Lenovo is in hot water after it was revealed on Wednesday that the company is shipping consumer laptops with Superfish (Adware) pre-installed. Security experts are alarmed, as the software performs Man-in-the-Middle attacks that compromises all SSL connections.
It's a fact of life; PC manufacturers are paid to install software at the factory, and in many cases this is where their profit margin comes from. However, pre-installed software is mostly an annoyance for consumers. Yet, when this pre-installed software places their security at risk, it becomes a serious problem.
Lenovo, in comments posted to a company support forum, said they have partnered with a company called Superfish Inc. to deliver software "that helps users find and discover products visually."
This is done by injecting ads on the sites displayed by Internet Explorer and Chrome; Firefox doesn't seem to be impacted in this instance, but complaints that date back to last summer surrounding Superfish do include Mozilla's browser. Others are more recent, including one posted Thursday morning on Twitter, which says Superfish installs WindowShopper on Firefox.
Researchers have discovered that not only does Superfish inject ads; it also breaks SSL by installing a self-signed root certificate that can intercept encrypted traffic for any secured website a user visits.
This Man-in-the-Middle attack is what drives the visual ad displays across all websites, no matter what their encryption status may be.
Most experts have taken exception to Lenovo's pre-installed business deal, and the fact that consumers had to first opt-in to the Man-in-the-Middle attack doesn't change the flawed security involved.
Even if the user removes the Superfish software, the certificate remains trusted and installed on the system. As for the opt-in requirement, most users agree to everything when configuring a new system, assuming they even notice the Superfish TOS to begin with.
The Superfish certificate is the same for each laptop it's installed on, and this certificate is used for each SSL connection. A criminal would have little difficulty in using this setup to further compromise a person's connections – and the Superfish certificate's trust level on the system would only help. Moreover, Superfish uses a SHA1 certificate, with1024-bit RSA key.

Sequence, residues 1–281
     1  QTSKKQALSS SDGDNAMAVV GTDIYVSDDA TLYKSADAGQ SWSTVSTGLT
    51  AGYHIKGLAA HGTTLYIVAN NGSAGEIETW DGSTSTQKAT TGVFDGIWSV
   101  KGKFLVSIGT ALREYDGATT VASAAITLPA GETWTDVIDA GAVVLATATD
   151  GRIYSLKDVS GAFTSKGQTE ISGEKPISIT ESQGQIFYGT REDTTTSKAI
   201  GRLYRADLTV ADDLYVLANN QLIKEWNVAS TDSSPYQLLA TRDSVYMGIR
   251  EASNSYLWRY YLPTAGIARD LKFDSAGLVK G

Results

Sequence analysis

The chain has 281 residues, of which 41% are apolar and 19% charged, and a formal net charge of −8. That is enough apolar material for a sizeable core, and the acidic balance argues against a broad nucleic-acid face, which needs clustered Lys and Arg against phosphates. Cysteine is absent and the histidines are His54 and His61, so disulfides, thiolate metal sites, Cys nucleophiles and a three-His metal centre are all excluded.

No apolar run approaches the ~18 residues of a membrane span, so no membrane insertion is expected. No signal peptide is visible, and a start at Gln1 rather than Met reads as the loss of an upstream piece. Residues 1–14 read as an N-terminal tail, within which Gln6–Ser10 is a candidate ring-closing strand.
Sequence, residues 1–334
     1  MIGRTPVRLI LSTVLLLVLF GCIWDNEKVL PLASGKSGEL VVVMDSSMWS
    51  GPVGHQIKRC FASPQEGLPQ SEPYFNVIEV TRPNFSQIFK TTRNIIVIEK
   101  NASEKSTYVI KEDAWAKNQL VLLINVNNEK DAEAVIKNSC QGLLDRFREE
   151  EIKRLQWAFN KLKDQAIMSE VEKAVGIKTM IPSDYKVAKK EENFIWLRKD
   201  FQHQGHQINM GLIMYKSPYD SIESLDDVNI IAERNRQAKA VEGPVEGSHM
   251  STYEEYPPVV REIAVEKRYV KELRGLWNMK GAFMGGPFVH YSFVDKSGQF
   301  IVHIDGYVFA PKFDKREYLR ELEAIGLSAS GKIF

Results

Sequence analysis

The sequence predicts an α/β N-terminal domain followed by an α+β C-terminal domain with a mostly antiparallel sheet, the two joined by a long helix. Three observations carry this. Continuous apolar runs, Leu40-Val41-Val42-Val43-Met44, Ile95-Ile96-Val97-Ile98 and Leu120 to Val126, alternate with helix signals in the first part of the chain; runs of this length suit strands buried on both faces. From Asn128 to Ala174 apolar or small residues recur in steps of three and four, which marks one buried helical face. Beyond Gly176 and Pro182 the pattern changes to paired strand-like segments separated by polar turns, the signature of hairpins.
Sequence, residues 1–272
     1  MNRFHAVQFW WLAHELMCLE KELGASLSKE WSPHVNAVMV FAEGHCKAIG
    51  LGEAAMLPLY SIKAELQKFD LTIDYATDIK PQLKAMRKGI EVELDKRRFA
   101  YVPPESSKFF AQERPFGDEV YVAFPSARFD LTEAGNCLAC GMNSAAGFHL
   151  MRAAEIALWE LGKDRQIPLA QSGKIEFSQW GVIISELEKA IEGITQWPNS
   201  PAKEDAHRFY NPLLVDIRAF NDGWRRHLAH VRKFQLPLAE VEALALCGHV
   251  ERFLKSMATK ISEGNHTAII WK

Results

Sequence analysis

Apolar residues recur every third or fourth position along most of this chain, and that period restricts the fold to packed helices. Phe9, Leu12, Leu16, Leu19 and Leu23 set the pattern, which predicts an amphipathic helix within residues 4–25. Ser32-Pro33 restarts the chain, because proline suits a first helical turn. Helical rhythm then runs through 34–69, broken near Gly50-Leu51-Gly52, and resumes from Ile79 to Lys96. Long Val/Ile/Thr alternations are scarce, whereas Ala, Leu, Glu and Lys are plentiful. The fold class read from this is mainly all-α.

"We trust our hardware manufacturers to build products that are secure. In this current climate of rising cybercrime, if you can't trust your hardware manufacturer you are in a very difficult position," wrote security researcher Marc Rogers.
"When bad guys are able to get into the supply chain and install malware it is devastating. Often users find themselves with equipment that is compromised and are unable to do anything about it. When malware is installed with the access a manufacturer has it buries itself deep inside the system often with a level of access that often takes it beyond the reach of antivirus or other countermeasures. This is why it is all the more disappointing – and shocking – to find a manufacturer doing this to its customers voluntarily."
Salted Hash has reached out to Lenovo for comment, and will update once they respond.
A Lenovo spokesperson responded to questions earlier this morning. The company says that Superfish hasn't been installed on laptops since January, and that all server side interactions have been disabled since then as well. The full statement is below.
Superfish was previously included on some consumer notebook products shipped in a short window between September and December to help customers potentially discover interesting products while shopping. However, user feedback was not positive, and we responded quickly and decisively:
1) Superfish has completely disabled server side interactions (since January) on all Lenovo products so that the product is no longer active. This disables Superfish for all products in market.
2) Lenovo stopped pre-loading the software in January.
3) We will not pre-load this software in the future.
We have thoroughly investigated this technology and do not find any evidence to substantiate security concerns. But we know that users reacted to this issue with concern, and so we have taken direct action to stop shipping any products with this software. We will continue to review what we do and how we do it in order to ensure we put our user needs, experience and priorities first...
The statement goes on to repeat what was said originally on the support forums, adding that the relationship with Superfish Inc. is not financially significant Lenovo; "our goal was to enhance the experience for users. We recognize that the software did not meet that goal and have acted quickly and decisively," the statement concluded.
Additional updates are on the following page...